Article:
Grower eyes 20ha strawberry expansion to meet skyrocketing demand in Canada

Canadian grower Sunterra Greenhouse is primed for growth after its first successful year of lit winter production in the cold Canadian climate, eyeing a 20ha expansion of Soraya strawberries, a variety by ABZ Seeds. “We are into our second season and currently have 8ha, 1ha of strawberries, and 7ha of TOV,” explains Amanda Hehr, President of Sunterra Greenhouse. Due to the booming Canadian berry market, Amanda and Sunterra are contemplating accelerated expansion into more strawberry acres. “The master plan for our first site allows for an additional 20ha of growth, and we are seriously considering allocating that entirely to strawberries,” she points out. That does sound like a lot of strawberries, but here’s the thing: strawberries are the second most consumed fresh commodity and a strong driver for all produce category sales, Amanda says, with most imports coming from Florida, Mexico, and California field operations. “So, there are a lot of opportunities in this space.”

Advancements in lit cultivation 
This has created a situation where demand far outweighs supply, “which makes price favorable,” Amanda points out. Over the last two years, there have been many developments in the berry segment as to how to grow this product profitably also during the months from November to March. When lit berry cultivation proved to be profitable, many growers switched to berries and LEDs. Sunterra too utilizes LEDs to complement the bright sun of Alberta. “This is one of the provinces that enjoys the most sunlight hours in Canada, and we augment that natural resource with LED technology to grow our berry crop year-round.”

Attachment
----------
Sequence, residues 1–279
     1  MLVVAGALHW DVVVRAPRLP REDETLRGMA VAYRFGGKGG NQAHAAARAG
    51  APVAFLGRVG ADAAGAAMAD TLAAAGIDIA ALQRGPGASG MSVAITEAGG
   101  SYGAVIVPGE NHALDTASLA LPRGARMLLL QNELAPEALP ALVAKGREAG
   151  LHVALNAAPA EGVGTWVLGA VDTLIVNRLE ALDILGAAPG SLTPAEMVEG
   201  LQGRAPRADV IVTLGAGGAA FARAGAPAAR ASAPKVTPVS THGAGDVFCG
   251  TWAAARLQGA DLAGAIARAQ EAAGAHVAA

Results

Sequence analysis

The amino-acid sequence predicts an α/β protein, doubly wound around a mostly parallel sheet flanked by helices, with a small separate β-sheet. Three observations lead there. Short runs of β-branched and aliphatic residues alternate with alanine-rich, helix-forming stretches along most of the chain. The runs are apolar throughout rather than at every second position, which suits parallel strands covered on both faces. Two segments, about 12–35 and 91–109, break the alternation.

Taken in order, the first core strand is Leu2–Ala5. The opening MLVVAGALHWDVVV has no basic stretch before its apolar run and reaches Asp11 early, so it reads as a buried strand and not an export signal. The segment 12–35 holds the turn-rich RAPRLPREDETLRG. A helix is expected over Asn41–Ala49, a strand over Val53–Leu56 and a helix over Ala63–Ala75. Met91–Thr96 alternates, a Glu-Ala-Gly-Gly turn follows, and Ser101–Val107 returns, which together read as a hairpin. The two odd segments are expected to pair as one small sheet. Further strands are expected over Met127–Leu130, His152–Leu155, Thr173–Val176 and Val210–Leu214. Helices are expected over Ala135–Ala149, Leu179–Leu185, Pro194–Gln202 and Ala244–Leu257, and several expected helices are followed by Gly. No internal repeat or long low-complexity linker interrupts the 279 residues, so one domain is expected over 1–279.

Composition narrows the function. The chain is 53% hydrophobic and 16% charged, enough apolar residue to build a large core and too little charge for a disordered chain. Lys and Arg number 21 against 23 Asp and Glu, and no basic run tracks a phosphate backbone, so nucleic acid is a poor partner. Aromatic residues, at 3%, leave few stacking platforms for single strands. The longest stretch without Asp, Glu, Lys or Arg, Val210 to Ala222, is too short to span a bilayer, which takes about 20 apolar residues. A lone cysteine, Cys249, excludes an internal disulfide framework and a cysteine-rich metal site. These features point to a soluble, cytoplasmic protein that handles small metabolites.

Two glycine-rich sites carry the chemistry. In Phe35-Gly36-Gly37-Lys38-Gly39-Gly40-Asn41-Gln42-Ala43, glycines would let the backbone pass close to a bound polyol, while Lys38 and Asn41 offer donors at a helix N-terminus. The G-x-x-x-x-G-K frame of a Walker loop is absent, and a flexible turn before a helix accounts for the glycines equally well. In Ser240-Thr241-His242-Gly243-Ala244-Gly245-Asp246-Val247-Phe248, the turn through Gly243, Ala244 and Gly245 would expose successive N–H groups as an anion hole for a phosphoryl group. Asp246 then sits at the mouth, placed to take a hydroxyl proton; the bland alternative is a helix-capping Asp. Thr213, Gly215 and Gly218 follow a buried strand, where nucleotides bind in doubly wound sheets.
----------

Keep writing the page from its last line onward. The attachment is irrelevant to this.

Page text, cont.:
Dealing with the situation
Yet, rising energy costs, next to increasing fertilizers cost, have forced Amanda and Sunterra to adapt themselves to the new scenario. “The original model for this business was based on prices from 3 years ago, with regards to both energy and fertilizers. That means that now we have to carefully decide when to turn the lights on. It’s a delicate balance when to use our lights, and this is surely one of the biggest challenges.”

Yet, the biggest hurdles came up when COVID hit. “Construction was delayed, and costs escalated, but there was no other direction but forward,” Amanda says. Thanks to a program offered by Emissions Reduction Alberta, Sunterra Greenhouse recovered 25% of the cost of the LED lights with the Energy Savings for Business grant program.

Labor supply 
Construction delays weren’t the only thing Sunterra Greenhouse had to deal with during the peak of COVID. “The biggest challenge for all CEA growers right now, us included, is labor supply,” Amanda says. “Alberta trails BC, Ontario, and Quebec for greenhouse acres, so we don’t have the same access to experienced labor as different parts of Canada. Once construction was complete, we had to invest substantially in skill development.”

In the meantime, supply is desperately chasing demand. “We are years away from market equilibrium in the berry market in Canada,” Amanda points out. That is also because as consumers become savvier of the greens and fruits they consume, more people will lean towards greenhouse-grown produce. “Greenhouse growing supports higher yields with lower impact on the environment,” she remarks. “As consumers better understand the quality differential, we will not be competing for shelf space with field-grown produce, treated to protect against pests and the elements, and transported from thousands of miles away.”

That is an important aspect for Amanda and Sunterra Greenhouse, as they are betting big on CEA. “Our goal is to grow exceptional produce, efficiently, for Canadians to enjoy year-round.”

For more information:
Sunterra Greenhouse
255044 Highway 575, Acme, Alberta


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